Performance of the protocols

The scan times and average image analysis durations are listed in Table 3. Values measured by each protocol, for patients and controls, are shown in Figure 1. The URennes and manual T2* protocols showed good power of discrimination between patients and controls (AUC > 0.9). The T2* mapping protocol also had an AUC above 0.9, although the T1 mapping protocol performed poorly, with an AUC of only 0.8 (95% CI: 70–90.4%), and differed significantly from the other protocols: URennes (p = 0.008); manual T2* (p = 0.038); and T2* mapping (p = 0.031). The URennes, manual T2*, and T2* mapping protocols had similar power to detect patients with elevated ferritin or transferrin saturation and clinically suspected hepatic iron overload (Figure 2).

Figure 1. Values obtained using the URennes, manual T2*, T2* mapping, and T1 mapping protocols for patients and controls. C, controls; P, patients.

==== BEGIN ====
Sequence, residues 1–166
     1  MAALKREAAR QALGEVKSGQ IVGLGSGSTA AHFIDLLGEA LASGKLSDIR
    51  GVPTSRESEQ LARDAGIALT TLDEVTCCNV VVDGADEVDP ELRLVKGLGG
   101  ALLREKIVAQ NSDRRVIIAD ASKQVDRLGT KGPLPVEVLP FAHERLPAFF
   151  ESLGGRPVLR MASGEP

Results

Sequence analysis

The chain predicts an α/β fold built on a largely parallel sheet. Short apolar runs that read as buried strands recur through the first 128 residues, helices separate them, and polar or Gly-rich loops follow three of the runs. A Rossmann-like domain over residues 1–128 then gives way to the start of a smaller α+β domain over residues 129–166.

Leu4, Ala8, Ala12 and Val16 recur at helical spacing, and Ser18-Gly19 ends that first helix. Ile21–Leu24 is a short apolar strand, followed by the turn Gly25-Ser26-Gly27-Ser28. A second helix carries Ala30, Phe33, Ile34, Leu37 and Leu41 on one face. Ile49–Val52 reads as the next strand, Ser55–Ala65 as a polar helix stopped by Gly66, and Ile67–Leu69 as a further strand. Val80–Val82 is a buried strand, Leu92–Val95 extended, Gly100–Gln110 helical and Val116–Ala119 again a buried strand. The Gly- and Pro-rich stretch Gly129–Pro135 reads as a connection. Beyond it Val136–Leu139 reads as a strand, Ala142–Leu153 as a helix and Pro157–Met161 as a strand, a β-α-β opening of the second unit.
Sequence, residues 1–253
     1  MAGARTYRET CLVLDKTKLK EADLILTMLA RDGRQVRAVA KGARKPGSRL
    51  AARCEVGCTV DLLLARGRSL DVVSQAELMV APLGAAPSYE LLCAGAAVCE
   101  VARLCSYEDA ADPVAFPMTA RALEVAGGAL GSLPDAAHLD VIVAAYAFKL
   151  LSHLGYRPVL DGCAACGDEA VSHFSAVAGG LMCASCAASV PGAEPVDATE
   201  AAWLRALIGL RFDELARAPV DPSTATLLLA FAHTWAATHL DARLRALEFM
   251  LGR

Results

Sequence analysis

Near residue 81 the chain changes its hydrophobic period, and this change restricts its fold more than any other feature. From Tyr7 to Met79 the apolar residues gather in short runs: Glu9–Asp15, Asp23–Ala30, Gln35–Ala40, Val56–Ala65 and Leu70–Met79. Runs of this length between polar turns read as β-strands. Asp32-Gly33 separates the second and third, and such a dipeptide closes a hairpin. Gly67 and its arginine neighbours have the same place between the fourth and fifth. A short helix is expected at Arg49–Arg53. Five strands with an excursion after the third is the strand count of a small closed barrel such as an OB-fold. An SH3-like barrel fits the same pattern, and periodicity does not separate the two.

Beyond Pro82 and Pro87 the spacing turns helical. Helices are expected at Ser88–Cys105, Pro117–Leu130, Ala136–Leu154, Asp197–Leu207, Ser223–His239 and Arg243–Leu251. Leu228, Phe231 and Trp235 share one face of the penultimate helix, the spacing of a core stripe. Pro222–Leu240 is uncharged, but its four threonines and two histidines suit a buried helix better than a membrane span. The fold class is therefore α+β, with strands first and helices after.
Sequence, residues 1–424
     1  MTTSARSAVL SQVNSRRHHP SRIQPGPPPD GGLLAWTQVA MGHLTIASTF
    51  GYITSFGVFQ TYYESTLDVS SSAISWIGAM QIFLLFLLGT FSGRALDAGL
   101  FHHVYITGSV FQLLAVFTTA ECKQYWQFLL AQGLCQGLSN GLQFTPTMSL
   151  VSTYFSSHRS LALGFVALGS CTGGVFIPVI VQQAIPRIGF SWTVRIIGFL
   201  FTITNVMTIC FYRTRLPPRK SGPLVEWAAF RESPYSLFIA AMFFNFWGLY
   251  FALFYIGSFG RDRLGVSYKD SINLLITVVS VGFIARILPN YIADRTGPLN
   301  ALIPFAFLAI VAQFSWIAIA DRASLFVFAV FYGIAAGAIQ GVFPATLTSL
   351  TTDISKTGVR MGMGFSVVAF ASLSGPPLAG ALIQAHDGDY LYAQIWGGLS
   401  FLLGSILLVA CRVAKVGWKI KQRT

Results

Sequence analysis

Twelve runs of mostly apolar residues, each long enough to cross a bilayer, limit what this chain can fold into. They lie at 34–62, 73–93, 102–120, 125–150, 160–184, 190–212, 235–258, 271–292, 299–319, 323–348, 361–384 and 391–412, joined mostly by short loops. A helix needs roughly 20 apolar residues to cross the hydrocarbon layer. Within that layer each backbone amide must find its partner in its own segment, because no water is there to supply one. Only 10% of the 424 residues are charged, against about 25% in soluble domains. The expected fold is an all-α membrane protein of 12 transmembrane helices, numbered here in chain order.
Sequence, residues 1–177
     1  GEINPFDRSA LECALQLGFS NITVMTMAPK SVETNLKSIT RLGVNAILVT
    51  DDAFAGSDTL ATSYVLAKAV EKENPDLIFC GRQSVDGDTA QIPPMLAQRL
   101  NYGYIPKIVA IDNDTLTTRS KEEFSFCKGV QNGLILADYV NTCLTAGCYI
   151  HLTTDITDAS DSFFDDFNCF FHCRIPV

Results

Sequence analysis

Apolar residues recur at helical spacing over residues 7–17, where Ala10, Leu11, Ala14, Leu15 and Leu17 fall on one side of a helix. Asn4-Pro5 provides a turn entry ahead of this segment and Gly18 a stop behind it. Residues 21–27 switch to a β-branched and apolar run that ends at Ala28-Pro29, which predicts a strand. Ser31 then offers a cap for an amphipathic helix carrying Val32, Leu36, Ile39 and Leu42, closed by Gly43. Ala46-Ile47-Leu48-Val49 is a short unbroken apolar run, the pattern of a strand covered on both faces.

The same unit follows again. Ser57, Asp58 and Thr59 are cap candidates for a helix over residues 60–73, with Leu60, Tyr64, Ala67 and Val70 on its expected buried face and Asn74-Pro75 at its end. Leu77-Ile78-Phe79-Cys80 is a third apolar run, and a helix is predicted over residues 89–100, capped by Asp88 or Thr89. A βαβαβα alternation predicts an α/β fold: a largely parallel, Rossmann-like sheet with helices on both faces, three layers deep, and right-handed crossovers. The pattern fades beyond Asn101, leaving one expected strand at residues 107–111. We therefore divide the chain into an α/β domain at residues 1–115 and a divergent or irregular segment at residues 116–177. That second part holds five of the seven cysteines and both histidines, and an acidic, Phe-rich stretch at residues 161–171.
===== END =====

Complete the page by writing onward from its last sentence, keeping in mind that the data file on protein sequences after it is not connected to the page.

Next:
Figure 2. ROC curves using the URennes, manual T2*, T2* mapping, and T1 mapping protocols for separating patients and controls. The AUC (95% CI) was 0.934 (0.881–0.988) for URennes; 0.908 (0.844–0.972) for manual T2*; 0.80 (0.70–0.904) for T1 mapping; and 0.912 (0.849–0.974) for T2* mapping. The T1 mapping curve differs significantly from those of URennes (p = 0.008), manual T2* (p = 0.038), and T2* mapping (p = 0.031).

Correlations among LIC measures obtained by the URennes, T2* mapping, and manual T2* protocols

To study the relationships among measures obtained by the URennes, T2* mapping, manual T2*, and T1 mapping protocols, we calculated the correlation coefficients. The results are shown in Figure 3. All measures showed a significant correlation among the protocols, and the correlation coefficients were above 0.9 for the URennes, T2* mapping, and manual T2* protocols, although those associations were weaker when the URennes-measured LIC was above 350 µmol Fe/g. The strongest correlation observed was between the T2* mapping-measured LICs and those measured with the T2* manual protocol (r = 0.979). Correlations involving R1 values obtained with the T1 mapping protocol, although still significant, were lower, probably due to the great dispersion of R1 values. The T1 mapping protocol correlated most strongly with the URennes protocol (r = 0.814; p < 0.001).